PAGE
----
Setsubun bean-throwing by kindergarteners
Setsubun Bean Throwing
Setsubun bean-throwing by ordinary people
Setsubun Bean Throwing
Dance of Shichifukujin
Setsubun Bean Throwing

Mar 17-18 - Honzon-jigen-e

Honzon-jigen-e (本尊示現会) is a ceremony to commemorate the foundation of Sensoji Temple back in 628CE. On March 18th of 628, the statuette of Sho-Kannon, now enshrined in the main hall of Sensoji, was caught in a fishing-net by three commoners. So on the evening fo March 17, three mikoshi (portable shrines) of Asakusa Shrine, which enshrine the three commoners, are carried into the main hall of Sensoji and stay overnight there to reunite with the statuette. For details about this event, see the article on Honzon-jigen-e.
On March 18th, held as well is the Reitaisai (annual grand festival) of Hikan Inari Shrine located in the northeastern corner of Asakusa Shrine's precincts. In this event, several performances will be dedicated to this small shrine.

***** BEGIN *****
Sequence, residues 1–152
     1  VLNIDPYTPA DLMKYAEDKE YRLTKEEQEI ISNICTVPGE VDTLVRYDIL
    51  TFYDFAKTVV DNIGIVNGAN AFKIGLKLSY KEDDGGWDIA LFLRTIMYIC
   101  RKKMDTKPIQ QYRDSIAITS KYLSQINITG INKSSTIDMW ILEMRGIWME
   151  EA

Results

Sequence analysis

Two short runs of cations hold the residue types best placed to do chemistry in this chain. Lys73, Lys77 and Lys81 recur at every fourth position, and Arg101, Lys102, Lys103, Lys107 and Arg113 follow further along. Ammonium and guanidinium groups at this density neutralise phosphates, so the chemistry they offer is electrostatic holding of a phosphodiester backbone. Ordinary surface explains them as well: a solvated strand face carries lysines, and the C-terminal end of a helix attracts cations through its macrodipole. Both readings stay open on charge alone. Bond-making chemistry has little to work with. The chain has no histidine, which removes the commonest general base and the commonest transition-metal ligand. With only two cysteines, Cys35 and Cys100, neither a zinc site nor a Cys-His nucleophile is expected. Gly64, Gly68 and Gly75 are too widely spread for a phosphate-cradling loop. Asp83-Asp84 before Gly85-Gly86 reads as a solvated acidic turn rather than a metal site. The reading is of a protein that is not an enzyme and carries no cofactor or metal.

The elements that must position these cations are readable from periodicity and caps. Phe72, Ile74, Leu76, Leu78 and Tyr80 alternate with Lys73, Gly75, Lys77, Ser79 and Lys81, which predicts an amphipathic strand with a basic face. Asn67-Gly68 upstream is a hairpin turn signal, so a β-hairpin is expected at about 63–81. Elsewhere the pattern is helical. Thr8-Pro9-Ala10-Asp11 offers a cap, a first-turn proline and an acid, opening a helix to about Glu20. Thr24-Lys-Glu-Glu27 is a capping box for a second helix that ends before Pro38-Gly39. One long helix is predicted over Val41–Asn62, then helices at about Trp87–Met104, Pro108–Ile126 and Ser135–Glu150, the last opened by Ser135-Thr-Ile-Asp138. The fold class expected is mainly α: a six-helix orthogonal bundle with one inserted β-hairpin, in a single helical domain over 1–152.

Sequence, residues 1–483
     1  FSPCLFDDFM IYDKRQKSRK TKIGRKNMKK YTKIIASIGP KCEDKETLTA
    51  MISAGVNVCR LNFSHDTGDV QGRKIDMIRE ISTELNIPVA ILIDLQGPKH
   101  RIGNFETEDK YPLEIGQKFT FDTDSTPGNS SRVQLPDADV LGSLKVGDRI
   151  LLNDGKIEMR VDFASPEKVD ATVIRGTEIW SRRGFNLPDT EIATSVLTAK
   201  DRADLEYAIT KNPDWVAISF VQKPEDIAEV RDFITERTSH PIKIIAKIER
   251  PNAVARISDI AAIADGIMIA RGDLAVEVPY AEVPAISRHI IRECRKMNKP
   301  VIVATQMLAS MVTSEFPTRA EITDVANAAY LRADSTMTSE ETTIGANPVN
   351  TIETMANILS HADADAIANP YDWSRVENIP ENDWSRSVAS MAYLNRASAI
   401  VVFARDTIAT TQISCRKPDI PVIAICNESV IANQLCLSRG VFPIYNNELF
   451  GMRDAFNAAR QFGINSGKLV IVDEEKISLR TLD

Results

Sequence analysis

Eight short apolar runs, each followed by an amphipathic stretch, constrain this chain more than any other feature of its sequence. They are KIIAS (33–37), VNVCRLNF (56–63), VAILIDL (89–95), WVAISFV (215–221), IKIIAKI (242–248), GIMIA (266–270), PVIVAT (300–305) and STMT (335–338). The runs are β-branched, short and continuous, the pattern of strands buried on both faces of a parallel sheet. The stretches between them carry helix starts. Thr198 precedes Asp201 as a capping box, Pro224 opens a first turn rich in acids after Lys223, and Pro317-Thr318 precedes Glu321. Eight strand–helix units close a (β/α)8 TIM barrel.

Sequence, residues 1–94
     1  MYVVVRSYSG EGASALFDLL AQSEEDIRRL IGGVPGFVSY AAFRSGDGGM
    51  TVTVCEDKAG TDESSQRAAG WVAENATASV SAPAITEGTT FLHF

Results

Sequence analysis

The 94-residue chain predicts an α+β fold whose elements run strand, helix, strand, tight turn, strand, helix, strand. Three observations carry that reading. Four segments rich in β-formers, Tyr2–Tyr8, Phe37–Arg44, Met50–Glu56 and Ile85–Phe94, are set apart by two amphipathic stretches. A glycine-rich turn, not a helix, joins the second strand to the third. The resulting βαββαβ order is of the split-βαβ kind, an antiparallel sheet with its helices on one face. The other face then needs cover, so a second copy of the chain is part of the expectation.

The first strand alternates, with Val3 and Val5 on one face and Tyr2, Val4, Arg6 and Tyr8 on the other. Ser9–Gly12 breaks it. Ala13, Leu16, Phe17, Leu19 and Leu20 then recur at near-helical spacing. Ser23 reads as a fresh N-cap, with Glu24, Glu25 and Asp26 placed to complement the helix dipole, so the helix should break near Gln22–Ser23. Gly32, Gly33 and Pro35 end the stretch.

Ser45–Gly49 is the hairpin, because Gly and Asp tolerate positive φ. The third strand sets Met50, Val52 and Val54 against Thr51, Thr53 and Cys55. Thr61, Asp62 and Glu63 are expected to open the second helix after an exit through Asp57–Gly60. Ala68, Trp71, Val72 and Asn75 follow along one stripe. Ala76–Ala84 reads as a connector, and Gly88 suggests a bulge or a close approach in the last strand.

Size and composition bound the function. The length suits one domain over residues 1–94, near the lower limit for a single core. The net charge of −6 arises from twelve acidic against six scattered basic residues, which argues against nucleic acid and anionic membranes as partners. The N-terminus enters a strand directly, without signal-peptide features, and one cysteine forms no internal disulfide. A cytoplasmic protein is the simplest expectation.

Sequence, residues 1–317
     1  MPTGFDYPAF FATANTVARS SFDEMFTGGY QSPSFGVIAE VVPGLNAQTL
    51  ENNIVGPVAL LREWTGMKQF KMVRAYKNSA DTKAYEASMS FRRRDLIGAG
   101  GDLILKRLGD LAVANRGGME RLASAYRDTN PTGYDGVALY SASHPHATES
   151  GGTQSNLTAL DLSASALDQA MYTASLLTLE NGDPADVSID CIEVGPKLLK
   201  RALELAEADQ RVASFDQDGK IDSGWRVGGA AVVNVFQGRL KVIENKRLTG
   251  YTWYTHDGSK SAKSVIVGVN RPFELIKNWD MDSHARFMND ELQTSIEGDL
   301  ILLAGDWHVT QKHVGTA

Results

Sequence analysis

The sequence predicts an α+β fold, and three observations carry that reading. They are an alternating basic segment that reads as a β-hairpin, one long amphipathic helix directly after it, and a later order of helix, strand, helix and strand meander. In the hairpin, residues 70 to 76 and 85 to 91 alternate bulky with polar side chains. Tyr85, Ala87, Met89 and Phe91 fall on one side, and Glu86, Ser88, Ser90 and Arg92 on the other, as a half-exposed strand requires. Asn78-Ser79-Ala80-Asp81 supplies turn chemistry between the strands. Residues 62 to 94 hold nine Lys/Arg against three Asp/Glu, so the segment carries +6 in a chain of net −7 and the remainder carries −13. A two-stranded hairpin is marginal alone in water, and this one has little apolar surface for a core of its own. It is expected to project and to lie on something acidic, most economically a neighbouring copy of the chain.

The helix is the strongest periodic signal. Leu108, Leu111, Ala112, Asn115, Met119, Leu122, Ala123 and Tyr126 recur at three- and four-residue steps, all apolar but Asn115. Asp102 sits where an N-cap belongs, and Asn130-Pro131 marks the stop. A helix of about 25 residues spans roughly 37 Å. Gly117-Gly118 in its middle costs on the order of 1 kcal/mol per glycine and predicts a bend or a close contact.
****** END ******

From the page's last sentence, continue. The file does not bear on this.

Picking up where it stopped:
Do-age on Mar 17
Honzon-jigen-e
Do-sage on Mar 18
Honzon-jigen-e
Procession on Mar 18
Honzon-jigen-e

Asakusa Kodomo Kabuki Matsuri

In March, for several days around weekends, Asakusa Kodomo Kabuki Matsuri (浅草こども歌舞伎まつり), literally meaning "Children's Kabuki Festival," is held at the Kaguraden stage of the shrine. For details about this event, see the article on Asakusa Kodomo Kabuki Matsuri.

Asakusa Kodomo Kabuki Matsuri
Kodomo Kabuki

Apr 8 - Hana Matsuri

Hana Matsuri (花まつり), literally meaning the Flower Festival, is a name for the event to celebrate Buddha's birthday. Visitors pour amacha tea on a small Buddha statuette depicting the birth of the Buddha.